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    Digital printing asian dyer extended version) Digital printing asian dyer extended version) Document Transcript

    • Digital Printing: ATool For Demand ActivatedTextile Printing R. B. CHAVAN Department of Textile Technology Indian Institute of Technology Hauz-Khas, New Delhi 110016 e-mail rbchavan@hotmail.comAbstractWide spread acceptance of demand activated manufacturing and just in timemarketing concepts have put tremendous pressure on textile printers. Presentlyavailable rotary screen printing equipments are often inflexible in terms of quickcustomer response and short runs and thus not suitable for mass customization.In the present article an attempt has been made to review critically thetechnology of digital printing. The technology has achieved considerable successtill the pre-production stage and continuous efforts are being made to perfect thetechnology for production printing. It is envisaged that once the digital printingtechnology is perfected, a customer instead of purchasing the printed fabricavailable in Stores may be able to scan the design on computer, select thedesign and colour combination or create a new design and feed the informationto the digital printer and get the printed length of the fabric with a design ofher/his choice.Textile printing technology trendsRotary screen and flat bed screen printing are the major textile printingtechniques prevalent presently. The textile printing production technology trendsare shown in figure 1 and world production share in Table 1 Fig. 1 Production Technology Trends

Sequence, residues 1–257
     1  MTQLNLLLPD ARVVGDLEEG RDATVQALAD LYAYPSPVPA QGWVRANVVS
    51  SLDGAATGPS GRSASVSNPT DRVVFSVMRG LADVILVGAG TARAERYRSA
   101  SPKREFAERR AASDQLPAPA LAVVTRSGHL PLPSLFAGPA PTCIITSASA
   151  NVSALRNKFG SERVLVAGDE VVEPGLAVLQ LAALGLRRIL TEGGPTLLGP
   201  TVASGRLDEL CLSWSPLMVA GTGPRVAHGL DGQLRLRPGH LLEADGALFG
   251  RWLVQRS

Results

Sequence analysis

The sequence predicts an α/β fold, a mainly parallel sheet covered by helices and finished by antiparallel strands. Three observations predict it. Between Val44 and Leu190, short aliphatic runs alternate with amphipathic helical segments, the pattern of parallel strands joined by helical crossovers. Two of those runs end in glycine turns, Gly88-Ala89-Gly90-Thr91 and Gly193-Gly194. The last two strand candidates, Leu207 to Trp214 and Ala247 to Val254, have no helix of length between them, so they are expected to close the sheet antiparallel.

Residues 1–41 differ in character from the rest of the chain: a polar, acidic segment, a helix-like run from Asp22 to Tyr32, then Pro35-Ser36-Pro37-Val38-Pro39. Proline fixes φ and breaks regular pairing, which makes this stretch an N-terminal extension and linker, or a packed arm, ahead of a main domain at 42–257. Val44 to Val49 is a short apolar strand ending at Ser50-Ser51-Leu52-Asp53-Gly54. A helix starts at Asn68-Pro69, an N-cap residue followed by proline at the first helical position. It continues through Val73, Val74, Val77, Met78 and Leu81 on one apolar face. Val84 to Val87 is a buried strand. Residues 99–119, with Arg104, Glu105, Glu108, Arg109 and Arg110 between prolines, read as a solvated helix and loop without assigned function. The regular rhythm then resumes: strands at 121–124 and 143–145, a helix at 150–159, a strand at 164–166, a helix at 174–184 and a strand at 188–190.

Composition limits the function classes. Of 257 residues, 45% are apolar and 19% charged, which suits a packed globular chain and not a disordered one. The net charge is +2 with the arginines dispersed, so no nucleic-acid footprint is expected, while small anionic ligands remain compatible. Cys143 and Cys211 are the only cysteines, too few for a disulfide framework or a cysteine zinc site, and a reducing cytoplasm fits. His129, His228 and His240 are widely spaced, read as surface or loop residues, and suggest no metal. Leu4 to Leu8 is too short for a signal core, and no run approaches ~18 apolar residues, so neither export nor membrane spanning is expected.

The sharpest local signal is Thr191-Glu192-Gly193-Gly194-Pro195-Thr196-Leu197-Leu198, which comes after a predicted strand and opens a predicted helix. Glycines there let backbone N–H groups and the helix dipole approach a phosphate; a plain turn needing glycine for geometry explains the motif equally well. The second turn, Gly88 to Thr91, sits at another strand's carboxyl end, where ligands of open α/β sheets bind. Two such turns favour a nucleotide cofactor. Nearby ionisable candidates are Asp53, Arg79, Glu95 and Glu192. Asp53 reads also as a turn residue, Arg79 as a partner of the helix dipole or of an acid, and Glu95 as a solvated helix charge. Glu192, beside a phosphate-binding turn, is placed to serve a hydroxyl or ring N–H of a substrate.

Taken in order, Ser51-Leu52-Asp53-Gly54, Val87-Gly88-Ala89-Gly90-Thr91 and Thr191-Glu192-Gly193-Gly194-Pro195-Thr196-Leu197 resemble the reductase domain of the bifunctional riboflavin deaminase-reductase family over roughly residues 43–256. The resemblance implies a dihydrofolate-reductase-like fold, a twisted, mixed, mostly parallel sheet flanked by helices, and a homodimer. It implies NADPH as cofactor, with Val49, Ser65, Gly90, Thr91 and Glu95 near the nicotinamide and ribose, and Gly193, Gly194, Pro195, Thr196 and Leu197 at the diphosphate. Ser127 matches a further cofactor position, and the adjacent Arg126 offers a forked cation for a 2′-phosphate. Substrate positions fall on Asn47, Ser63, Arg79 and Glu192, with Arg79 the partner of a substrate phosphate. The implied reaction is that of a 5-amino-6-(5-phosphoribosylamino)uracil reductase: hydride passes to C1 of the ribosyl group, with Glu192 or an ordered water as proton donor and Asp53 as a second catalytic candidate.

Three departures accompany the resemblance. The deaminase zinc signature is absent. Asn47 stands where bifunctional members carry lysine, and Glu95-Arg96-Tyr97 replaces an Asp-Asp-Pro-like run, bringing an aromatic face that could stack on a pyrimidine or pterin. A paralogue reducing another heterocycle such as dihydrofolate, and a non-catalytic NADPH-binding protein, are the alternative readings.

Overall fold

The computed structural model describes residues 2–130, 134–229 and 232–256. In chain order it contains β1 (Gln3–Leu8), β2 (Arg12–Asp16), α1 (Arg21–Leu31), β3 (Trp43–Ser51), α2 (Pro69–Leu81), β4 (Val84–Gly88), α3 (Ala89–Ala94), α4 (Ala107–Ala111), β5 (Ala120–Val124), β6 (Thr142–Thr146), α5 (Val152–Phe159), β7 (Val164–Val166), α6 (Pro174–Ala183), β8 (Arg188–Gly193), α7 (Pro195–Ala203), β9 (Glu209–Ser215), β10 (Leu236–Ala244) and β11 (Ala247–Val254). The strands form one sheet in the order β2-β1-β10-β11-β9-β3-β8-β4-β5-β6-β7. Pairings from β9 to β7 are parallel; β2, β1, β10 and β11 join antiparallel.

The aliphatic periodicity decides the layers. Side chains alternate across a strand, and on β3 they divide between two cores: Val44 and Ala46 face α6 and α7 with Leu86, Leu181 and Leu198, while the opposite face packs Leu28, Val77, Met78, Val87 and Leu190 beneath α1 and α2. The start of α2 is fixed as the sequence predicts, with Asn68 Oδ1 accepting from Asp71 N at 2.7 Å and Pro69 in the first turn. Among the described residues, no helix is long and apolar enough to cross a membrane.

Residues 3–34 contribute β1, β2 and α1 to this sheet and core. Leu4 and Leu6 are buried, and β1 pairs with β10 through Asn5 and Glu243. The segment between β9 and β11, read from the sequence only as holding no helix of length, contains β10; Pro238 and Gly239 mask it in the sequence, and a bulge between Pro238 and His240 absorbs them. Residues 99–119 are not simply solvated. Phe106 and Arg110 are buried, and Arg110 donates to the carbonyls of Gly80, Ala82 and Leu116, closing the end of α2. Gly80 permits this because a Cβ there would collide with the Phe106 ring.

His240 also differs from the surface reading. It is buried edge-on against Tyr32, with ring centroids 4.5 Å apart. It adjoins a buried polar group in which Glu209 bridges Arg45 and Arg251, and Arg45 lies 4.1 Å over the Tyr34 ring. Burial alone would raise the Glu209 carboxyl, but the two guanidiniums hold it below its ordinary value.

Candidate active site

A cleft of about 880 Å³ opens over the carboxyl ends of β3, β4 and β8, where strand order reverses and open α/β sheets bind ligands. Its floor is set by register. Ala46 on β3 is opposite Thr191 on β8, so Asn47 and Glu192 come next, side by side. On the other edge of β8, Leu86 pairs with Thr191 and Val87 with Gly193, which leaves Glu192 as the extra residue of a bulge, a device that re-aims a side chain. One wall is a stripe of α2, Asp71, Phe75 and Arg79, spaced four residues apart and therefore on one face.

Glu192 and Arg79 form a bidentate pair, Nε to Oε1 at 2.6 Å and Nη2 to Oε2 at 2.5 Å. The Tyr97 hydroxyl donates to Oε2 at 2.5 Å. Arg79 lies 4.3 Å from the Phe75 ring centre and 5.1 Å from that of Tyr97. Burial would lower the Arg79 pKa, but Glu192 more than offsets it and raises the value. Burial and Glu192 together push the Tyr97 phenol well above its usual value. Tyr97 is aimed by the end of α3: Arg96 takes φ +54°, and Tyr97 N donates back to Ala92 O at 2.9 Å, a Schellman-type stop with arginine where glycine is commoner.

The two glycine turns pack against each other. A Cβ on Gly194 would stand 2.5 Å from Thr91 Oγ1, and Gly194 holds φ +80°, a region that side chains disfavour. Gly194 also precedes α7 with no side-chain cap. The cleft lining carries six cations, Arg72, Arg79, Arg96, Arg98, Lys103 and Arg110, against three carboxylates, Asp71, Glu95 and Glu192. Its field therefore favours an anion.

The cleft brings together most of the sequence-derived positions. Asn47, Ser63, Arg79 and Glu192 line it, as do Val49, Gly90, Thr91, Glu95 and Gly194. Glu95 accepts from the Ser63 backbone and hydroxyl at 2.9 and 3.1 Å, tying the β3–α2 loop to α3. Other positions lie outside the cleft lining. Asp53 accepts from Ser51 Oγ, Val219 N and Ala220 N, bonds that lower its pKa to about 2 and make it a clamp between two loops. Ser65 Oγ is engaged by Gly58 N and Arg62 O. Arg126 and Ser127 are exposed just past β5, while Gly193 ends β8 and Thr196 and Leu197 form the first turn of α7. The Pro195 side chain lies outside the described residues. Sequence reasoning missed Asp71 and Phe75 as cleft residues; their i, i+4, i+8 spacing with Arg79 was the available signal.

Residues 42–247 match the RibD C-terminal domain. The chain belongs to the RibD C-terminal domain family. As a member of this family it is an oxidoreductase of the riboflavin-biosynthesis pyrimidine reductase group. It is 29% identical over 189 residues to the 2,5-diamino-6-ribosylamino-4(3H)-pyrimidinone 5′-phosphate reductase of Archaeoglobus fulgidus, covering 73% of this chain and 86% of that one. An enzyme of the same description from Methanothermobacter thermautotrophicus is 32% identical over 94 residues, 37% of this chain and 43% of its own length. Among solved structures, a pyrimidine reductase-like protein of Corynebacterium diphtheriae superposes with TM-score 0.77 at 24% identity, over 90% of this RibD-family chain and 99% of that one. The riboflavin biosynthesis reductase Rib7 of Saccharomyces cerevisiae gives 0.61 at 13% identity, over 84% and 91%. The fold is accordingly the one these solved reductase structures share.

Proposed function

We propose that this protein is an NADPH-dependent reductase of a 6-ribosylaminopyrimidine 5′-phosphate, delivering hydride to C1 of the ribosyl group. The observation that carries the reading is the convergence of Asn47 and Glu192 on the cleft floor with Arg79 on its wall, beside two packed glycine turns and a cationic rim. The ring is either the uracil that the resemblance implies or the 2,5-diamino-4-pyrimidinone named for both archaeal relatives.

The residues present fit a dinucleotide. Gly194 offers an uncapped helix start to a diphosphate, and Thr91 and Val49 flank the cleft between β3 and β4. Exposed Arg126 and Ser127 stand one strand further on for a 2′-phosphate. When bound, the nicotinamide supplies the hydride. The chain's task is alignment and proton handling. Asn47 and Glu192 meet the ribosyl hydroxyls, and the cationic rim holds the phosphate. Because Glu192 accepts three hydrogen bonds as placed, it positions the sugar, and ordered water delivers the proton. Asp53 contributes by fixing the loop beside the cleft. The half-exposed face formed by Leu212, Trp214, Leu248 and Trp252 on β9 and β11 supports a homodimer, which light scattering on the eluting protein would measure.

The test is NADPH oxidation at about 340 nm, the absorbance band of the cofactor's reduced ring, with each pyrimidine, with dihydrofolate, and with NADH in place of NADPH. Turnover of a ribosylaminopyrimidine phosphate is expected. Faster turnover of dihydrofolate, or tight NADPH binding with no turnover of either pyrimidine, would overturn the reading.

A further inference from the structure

• Table 1. World production share Rotary screen 60% printing Automatic Flat Bed 18% Other methods 22% Rotary screen-printing is the most popular production technology and is likely toremain so for several years to come. Presently the share of rotary screen printingis 60% Due to decreased production in the West but strong growth in the FarEast, where flatbed production is predominantly used, has meant that the flatbedshare has increased. This reflects the cheaper labour costs that render thisrelatively labour intensive method economical to use. A further reason for theincrease in flatbed printing is the reduction in average production run length.Trends in global printing marketTextile printing is cyclical business and fashion dependent. The fashion seasonsare becoming shorter resulting in 5-6 fashion forecasts in a year. Customers aredemanding great variety of colours and unique designs. Consumers want clothesto express their individuality in homes and the clothes they wear. Due to thesereasons there has to be quick sampling and quick order turnaround. The chancesof repeat orders are becoming rare. In addition to this average run lengths arerapidly dropping. Thus the world of textile printing is rapidly changing.Globalization, quick response and ecology aiming at waste minimization andreduced environment pollution impose substantial demands on the differentcomponents of the printing process. In short: these demands have commondenominators: flexibility and versatility. In order to meet such market demandsthere must be a technology which will facilitate Mass Customization. It is a newconcept of production which specializes in short runs as little as one unit in whichthe customer dictates exactly his/her requirements. It aims of producing unlimiteddesigns of customer’s choice. If one does not mass customize one would losebusiness in today’s market.Digital printing technology supports the present industrial trends: short runs ateconomical cost, quick delivery, exclusive unique and personalized designs.Digital printing can also contribute to the ‘green image’ of textiles; the ecologicalimpact is clearly lower compared to conventional printing. Digital printing meansflexibility and a quicker response to the market demands. Digital printing isalready applied for sampling, strike-offs, short runs and mass customizedapparel. It allows the user to bypass the extremely time consuming andexpensive screen making process, providing the opportunity for quick changes tocolour or design elements prior to printing.The conventional printing requires 7-8 weeks whereas the digital printing requiresabout 2-3 weeks delivering the final printed products (Table 1). In addition to thisthe change over from one colour scheme to other and from one design toanother is also much simpler and less time consuming in case of digital printing.